the public. In case of isolation of gene sequences when the function is unknown, even if there is a structural similarity between claimed gene and the existing gene sequence, the inventor can acquire the patent even if they can describe a new function emerging from such a sequence.
Article 3 of the EC Directive states that the invention shall be patentable if they pertain to a product consisting or sustaining biological material or the process by which such a biological material is produced, processed, or utilized. This essentially implies that any biological material which is removed from the natural environment or produced by undergoing any technical process can be patented even if it previously exists or occurs in the nature. The patent laws does not focus on protecting the living organisms but specific reliance is placed on the substance although naturally occurring in nature when is isolated to produce a specific element which is capable only through technical processes such as identification, purification, engineering and classification. The reproduction outside of the human body which is techniques those are only possible to be performed by human beings and techniques which cannot be achieved by the nature itself.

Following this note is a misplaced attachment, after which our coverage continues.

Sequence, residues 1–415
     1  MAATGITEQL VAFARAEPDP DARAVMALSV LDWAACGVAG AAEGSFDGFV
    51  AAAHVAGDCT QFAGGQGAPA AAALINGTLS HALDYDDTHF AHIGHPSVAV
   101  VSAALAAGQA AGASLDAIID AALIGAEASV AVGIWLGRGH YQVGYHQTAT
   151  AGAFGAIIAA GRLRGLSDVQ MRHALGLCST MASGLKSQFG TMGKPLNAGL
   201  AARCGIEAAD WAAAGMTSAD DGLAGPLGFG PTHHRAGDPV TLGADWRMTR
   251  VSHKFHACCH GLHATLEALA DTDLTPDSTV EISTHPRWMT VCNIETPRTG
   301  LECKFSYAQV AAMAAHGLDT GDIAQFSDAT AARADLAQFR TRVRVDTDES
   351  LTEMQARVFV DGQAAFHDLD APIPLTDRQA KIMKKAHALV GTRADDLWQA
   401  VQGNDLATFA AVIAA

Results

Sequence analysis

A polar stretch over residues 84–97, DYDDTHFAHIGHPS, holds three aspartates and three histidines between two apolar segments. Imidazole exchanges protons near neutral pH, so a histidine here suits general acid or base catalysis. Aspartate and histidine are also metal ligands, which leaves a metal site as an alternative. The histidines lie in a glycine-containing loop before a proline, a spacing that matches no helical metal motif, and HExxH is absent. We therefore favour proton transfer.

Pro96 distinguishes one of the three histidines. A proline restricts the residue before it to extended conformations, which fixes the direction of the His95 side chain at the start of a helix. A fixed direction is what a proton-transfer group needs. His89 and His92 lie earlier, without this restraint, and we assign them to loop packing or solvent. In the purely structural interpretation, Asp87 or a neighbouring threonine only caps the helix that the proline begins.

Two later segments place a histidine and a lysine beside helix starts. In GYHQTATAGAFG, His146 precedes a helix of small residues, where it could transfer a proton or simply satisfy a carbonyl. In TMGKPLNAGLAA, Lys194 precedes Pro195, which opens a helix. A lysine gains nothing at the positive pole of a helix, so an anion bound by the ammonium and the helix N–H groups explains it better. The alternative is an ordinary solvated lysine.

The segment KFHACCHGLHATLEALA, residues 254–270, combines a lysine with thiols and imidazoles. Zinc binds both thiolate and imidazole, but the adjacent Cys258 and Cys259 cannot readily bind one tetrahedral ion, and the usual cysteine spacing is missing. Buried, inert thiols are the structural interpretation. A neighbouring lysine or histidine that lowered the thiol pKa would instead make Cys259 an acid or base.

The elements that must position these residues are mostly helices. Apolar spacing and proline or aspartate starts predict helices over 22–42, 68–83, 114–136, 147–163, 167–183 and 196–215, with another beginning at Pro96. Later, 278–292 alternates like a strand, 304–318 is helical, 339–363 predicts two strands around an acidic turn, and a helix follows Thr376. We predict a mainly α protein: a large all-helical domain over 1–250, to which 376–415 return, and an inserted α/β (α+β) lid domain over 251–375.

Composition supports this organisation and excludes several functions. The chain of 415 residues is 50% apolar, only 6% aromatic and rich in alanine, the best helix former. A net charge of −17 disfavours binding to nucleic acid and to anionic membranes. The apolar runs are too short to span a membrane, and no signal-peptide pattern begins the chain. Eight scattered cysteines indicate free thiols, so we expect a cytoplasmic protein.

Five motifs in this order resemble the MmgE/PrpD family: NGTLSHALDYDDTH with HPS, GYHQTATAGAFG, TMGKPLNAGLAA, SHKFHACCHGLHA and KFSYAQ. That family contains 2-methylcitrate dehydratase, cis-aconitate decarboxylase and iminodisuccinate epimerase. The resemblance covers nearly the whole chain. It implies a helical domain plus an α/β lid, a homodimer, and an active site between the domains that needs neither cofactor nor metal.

About patentable inventions and non-patentable inventions or discoveries excludes the human body which at various stages at the time of development or formation, an easy discovery of its elements that includes the sequencing or partial sequencing of gene. It further elaborates that any element which is isolated from the human body or by the any technical process can be patentable even if the structure of the element that is invented is like the natural element, this should be followed by an industrial application of the invented sequence or the partial sequence which should be revealed in the patent application.